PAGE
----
It's no secret that in the 21st century, the business world has grown faster and sleeker. Access to new technologies and methodologies have given rise to a new breed of professional within the workforce, and while this has created exciting new opportunities for growth, it has also resulted in a raft of new challenges for managers.
While variations of these problems have afflicted teams for decades, actually dealing with them requires a more modern approach, especially when you are managing in a more flexible environment (such as with remote workers or job sharers).
To provide some insight and guidance, we've taken a look at the most common challenges of management today, as well as some practical strategies in dealing with them.
1. Maintaining Communication
Strong communication is the bedrock of any functional team; by ensuring your employees feel comfortable communicating with you and with one another, you cultivate a collaborative and, ultimately, more productive environment. At all levels, good communication ensures that issues are always resolved and never left to fester.
Therefore, fostering and maintaining such a culture is one of the biggest challenges faced by managers today. Without open dialogue in the office, every other management challenge you face will become exponentially more difficult, so you need to enable constructive feedback, encourage employees to share their thoughts and opinions, and engender a platform (digital or otherwise) that ensures everybody is continually talking to each other.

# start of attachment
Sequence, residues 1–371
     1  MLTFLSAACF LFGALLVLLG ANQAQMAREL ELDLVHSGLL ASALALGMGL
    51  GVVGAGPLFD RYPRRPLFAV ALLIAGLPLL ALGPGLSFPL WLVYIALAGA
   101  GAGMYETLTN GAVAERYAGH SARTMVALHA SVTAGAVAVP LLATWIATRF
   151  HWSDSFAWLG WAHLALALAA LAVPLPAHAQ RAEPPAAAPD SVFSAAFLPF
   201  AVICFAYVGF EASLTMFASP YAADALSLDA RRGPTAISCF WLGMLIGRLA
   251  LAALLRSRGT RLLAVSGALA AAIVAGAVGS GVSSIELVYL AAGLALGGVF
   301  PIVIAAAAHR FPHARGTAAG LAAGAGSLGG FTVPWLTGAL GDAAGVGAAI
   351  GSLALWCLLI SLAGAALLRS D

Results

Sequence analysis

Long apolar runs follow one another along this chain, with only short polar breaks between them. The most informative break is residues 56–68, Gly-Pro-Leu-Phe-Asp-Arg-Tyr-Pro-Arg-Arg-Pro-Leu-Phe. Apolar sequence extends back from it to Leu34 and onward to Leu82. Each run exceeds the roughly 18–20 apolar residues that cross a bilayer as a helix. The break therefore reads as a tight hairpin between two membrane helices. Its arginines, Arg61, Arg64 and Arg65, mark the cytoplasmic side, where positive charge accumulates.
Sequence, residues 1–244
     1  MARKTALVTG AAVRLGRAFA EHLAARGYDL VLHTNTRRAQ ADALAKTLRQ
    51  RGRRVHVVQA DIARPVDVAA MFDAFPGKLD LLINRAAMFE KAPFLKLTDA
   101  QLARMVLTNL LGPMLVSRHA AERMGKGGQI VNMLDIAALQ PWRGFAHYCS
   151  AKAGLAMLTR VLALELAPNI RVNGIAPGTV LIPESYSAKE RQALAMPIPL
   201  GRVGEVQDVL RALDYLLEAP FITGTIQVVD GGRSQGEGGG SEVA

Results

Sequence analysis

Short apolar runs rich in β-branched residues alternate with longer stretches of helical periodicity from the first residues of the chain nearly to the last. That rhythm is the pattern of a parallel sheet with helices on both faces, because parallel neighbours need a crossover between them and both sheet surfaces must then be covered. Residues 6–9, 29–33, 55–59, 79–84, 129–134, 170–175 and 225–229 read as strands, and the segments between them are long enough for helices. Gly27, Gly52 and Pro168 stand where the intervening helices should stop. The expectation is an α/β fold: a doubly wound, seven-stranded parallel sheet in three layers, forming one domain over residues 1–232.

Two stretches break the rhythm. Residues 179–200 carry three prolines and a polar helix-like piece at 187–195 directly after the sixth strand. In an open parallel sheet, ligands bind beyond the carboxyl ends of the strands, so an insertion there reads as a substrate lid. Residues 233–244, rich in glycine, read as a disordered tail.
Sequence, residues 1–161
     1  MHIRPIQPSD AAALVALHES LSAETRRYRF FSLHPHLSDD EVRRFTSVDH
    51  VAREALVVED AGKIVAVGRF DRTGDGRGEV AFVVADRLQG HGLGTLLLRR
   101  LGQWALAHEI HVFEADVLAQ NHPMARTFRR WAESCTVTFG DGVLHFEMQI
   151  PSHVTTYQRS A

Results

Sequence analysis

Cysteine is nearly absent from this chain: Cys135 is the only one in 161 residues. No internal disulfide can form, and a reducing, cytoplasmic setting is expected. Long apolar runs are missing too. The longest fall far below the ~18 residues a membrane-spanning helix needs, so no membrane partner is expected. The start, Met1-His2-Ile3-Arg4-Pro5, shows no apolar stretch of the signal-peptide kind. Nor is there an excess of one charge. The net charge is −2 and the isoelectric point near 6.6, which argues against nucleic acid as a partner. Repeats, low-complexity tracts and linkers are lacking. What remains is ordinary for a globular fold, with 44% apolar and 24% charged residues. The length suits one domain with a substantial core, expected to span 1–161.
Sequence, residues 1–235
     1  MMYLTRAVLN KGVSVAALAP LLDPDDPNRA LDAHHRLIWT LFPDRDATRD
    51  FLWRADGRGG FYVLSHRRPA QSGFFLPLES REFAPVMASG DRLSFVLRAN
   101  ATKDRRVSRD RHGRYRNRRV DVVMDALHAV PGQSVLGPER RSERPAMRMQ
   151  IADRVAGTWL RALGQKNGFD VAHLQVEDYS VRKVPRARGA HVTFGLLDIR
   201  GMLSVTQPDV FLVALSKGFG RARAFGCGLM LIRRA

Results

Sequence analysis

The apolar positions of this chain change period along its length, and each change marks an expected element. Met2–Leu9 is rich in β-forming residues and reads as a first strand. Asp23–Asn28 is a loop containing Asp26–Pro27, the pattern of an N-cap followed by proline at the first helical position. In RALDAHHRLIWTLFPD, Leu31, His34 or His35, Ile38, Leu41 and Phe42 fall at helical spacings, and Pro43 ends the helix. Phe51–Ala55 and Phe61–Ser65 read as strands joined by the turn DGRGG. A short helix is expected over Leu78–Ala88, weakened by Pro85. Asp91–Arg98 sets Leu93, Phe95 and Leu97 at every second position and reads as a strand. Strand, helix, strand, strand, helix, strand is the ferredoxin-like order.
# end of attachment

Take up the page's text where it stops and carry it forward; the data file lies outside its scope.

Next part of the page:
2. Resolving Conflict
Although communication can help negate situations of conflict, eventually, an issue will arise that you will need to step up and resolve. Whether it is a personal gripe between individual employees, or as a result of a broader performance problem, you need to address the matter as soon as possible.
To manage conflict effectively, you need to use all the information available. This means putting a process in place where you can listen to everyone that is involved, allowing you to work with your team members to find a positive resolution to the problem. Always be on the lookout for ways to improve this process, too, as drawn-out conflict can be hugely detrimental to productivity.
3. Hiring the Right Candidate
A manager is only as good as the performance of their team, so naturally, putting together a strong one is a crucial challenge for a manager. Finding candidates that possess the right skills and personality for your company can be an agonising process.
Ultimately, the most foolproof method for finding the perfect candidate is to establish a selection process that you can trust. Depending on the size of your business, this may mean integrating department heads and HR managers, but the sooner you and your company can implement such a process, the sooner you can find the right people and avoid the problems that come with hiring the wrong ones.